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Memphis daily appeal. [volume] (Memphis, Tenn.) 1847-1886, November 29, 1878, Image 1

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NOVEMBER 29, 1878.
i TOT Hji
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WE.iTin.it ouAi:itv.TioH.
W4R t'ltP'T. FlGKAL, 8Ki:n. K T'. S. i;nT. I
ToiKMui, NoTi-niyr '.'S, 17. Mli pin. f
PUee of . Hind. Wenlh-
Obnr:ttloii. ' u r- Dir. I Forty. er.
G t' .-.inn. . . ."i7 C.y. iill). Clear,
li liviii'. . .:('-'' iK I K K. Brl-k. Clear.
I.on'.nii:. . . ':'tt -j i : ;i I v. (i-n lo. Clou I.
M-fi.llH .11.2 1. 42 : S W. L!l.t. ;L'lear.
N iilivio .. . ::. 27 ;-s ,(.'-i!m Culm. li-nr,
N'.'wUfit rtiij ( : ; i . j -! .".it ! N.W. I.tifht. iC.ear.
t: irewx.rt... :..: 0 4 Olin. C Vim. Clear.
Vlrkl.:'rif.. . :jl.2- 4:1 t .-. (irl.'.Ie. !ci;r.
y. M. fciL. F.lil. SUual Cor; s tJ. d. a.
THK mei;tiu Mrt;sitiv.
Tiie meeting held at the IjiwiiUw Opera
house yet-irdny by the refugees far tL pur
p3so of ei res-toj? th? trtii.iti-Ja which thry
felt for thoa; who remained in Men),".hi fcLil
wrestle 1 with tin' yellowfuver, was cnef
tho inoit impound e. -r li.Ia in tui c.t-.
The building, lare and capacious r s it is
kaown to l was filled. Shcrt ts was th
notic-, tt e f ii nv (V'rabon w.u put in
ompluto o r ti.rou.jh the extraordinary ex
ertion ot jr.Ler.iI CVton Greene. It was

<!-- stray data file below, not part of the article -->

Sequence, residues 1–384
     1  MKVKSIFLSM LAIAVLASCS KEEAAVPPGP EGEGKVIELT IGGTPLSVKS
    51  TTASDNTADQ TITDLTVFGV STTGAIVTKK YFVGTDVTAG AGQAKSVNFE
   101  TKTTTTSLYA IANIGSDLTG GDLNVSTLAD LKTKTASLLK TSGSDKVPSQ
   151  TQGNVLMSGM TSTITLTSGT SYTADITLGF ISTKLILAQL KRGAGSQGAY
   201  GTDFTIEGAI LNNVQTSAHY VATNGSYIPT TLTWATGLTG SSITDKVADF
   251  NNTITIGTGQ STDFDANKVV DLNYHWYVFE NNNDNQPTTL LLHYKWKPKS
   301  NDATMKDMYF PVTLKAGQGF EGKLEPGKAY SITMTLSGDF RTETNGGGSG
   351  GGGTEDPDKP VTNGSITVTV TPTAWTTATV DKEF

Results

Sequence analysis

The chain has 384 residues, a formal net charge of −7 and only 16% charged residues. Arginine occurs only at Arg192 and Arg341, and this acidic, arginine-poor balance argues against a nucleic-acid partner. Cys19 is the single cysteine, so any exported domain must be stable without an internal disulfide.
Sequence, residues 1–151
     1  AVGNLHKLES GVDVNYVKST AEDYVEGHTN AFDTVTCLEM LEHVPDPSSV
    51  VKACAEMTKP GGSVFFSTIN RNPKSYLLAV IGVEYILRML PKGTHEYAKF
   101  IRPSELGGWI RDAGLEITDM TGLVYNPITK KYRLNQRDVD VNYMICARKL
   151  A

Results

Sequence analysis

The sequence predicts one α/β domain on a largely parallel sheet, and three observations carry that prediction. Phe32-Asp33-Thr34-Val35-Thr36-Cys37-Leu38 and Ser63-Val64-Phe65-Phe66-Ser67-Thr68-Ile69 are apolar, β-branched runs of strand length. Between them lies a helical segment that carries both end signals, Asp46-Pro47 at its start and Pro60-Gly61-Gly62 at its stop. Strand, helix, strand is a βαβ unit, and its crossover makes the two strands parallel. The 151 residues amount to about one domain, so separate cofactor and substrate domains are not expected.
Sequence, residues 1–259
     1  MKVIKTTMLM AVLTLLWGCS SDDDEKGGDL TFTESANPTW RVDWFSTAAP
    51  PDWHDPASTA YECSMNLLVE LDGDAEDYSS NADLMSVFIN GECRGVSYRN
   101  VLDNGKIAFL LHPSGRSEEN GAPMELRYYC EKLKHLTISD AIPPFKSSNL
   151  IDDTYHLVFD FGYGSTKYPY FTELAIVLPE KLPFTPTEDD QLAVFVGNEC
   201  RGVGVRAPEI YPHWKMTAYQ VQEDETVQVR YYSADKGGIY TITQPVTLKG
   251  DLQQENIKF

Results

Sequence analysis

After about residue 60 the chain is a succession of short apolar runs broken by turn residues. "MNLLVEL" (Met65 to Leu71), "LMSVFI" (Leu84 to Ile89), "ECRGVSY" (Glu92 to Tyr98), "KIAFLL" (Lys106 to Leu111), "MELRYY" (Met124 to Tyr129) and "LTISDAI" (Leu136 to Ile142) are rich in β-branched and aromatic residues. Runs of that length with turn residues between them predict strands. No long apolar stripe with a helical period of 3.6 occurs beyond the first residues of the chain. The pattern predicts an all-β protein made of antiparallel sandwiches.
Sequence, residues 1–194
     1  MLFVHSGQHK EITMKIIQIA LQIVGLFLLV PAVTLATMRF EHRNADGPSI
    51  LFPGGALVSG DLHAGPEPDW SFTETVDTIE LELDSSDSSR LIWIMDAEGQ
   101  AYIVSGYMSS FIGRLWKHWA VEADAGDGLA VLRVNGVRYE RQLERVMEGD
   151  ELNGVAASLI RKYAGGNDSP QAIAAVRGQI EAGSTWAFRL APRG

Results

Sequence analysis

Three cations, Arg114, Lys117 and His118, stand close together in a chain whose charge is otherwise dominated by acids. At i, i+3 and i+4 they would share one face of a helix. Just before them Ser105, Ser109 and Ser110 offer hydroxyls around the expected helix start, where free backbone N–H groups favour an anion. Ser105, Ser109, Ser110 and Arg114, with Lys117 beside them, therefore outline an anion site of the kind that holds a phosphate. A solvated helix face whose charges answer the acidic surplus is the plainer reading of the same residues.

Uaudsomely d-'crated, reflecting great credit
upDn thi Ust ; ol (J ueral ireen, wh.j fpet t
t'u.3 entire prey!. ui n;nht ia dhchaitfintf the
duties irupoed upon hini. Mcy ladies
xrao'd th o:c.i-ion with their presence, and
hhott a w3 the notice, the meeting was a
success tl.iura' XV. V. C. llumes was
made proud Tit. II speech was in aJrnii
ab!u 'as e. It wiil b; iun.l iu auother col
umn, aad a perusal will satisfy ths reader
that more robust tLo jxl.t an ; purely patriot
i j sentiment h ive ntv.T been condensed iu
the sime ptc-''. The pe't-h of General
Huni-i mtvle a profound Impression, and
was loudly a;.'i laiJeJ. The resolutions em
LoJy the nb's uttt'ianct's of grateful heart.
They are devoi 1 of vuh. Without being
f jlsome, they ioiii;..le the reverence and af
.ectioa which U felt for the 8tlf-iacrifkiiir
iu -n a ad nofflen who ri-ked li'e for other.-?.
Ta in e'm ( manilesteJ a d ;ep revsrene-3 fjr
th rf.o 1 anlgrei1: jalitia whi'.-h the re
ciit epuli ;uic hi! developed. Never did,
sipj' the world wai created, ary people ehow
iiio.e tuorcujt'i Fi.ir-abn',t'atioa make a
grander t.i.r.B-.e of n!i that u Jcar thind'd
t'ao-e citizens of Memphis who remimej
ilu'lng the ep'dem'i-i anl miniiterd to th
sick and b lriid th ; dead. They needed no
euby; but in honoriojf them yesterday th3
r-luzee. ho-o e I themse'vet. Tao meeting